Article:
One of the most frequently question I get when teaching parameters in PowerShell is regarding mandatory parameters.
To answer that, let us back up a little bit and talk about parameters in general.
We know that in a script (or function) we can use $args to capture any argument that is passed and is not bound to any parameter:
which presents the following output:
Additionally, even if we have a formal parameter definition, any unbound parameters will be found in $args:
Note, however, that if we do not pass any arguments, the $StringParameter value is an empty string.
This stems from the fact that the PARAM section declares $StringParameter’s type as [string], so it gets initialized to an empty string.
We could assume a default value for the parameter for those cases in which the user does not provide an argument:
However, in many cases, we cannot assume any value for parameters. Take the case where we create a script to read a file that contains a bunch of server names on which to do some processing:
In this case, chances of finding a file “Servers.txt” in a folder “PSDemo” on the root of the drive C: are very limited to the machine of the owner of the script.
One easy way to force users to enter the parameter is by assigning an expression that throws an exception as the default value for the parameter. In this way, if an argument cannot be bound to the $FileName parameter, the expression is evaluated, and an error is presented:
Now, here is where mandatory parameters come into place. What if instead of a nasty error like the one above, we implement something more elegant? After all, when PowerShell is not given enough information, sometimes, it will politely ask for it like in the following example:
We told PowerShell that we want to remove an item, but we did not provide information on what item to remove. PowerShell did not raise an exception, nor did it assume any particular item (imagine what would happen if it did!). Instead, it presents us with a prompt to provide the argument for the parameter $Path.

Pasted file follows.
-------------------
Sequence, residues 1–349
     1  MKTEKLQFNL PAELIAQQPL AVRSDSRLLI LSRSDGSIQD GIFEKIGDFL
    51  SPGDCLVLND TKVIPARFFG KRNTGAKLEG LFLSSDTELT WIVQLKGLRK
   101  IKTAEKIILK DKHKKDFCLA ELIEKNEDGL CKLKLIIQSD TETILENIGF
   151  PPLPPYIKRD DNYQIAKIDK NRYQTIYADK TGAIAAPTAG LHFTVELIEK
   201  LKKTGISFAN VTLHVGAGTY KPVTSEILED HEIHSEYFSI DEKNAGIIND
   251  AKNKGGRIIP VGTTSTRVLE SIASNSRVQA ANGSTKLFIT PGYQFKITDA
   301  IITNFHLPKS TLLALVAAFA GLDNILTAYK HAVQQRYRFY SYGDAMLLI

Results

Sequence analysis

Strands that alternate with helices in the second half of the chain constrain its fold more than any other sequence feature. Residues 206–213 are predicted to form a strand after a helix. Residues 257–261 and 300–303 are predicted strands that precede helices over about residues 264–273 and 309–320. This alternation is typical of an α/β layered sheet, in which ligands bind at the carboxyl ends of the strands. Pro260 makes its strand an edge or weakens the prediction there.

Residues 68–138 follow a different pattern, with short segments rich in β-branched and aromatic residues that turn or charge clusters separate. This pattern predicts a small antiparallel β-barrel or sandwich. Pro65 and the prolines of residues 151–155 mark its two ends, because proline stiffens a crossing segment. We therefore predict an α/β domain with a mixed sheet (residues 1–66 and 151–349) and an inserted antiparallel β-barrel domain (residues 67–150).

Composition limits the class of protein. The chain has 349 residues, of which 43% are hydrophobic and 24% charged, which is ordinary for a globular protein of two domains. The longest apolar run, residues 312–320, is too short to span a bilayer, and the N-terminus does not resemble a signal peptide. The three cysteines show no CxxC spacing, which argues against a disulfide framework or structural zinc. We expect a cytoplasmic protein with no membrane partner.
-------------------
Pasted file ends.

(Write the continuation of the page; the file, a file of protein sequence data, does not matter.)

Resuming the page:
We can implement the same functionality by adding some metadata to the parameter, thus fine-tuning the parameter definition. This metadata is provided via Attributes. In this case, an attribute can be used to qualify the parameter $FileName. Parameter attributes have parameters themselves. We’ll provide values to this parameters to indicate that we want the parameter to be mandatory. Note the syntax in the PARAM section:
In this case, the attribute called Parameter can take a parameter called Mandatory. We are passing the value $true as its argument (a bit confusing, huh?). Note that the parameter definition is taking up two lines of code. This is done by convention, for readability. However, that is the same as:
Now that we have indicated that the parameter is mandatory, notice that PowerShell is able to understand that it cannot do anything without that value, so it simply asks the user for it:
Parameter attributes are not the only type of attributes used to provide metadata to a script or function. There are far more advanced scenarios that can be implemented via attributes, but they are subject matter for future posts.
I hope this brings a bit nicer user experience to your scripts as well as extended functionality with very few changes.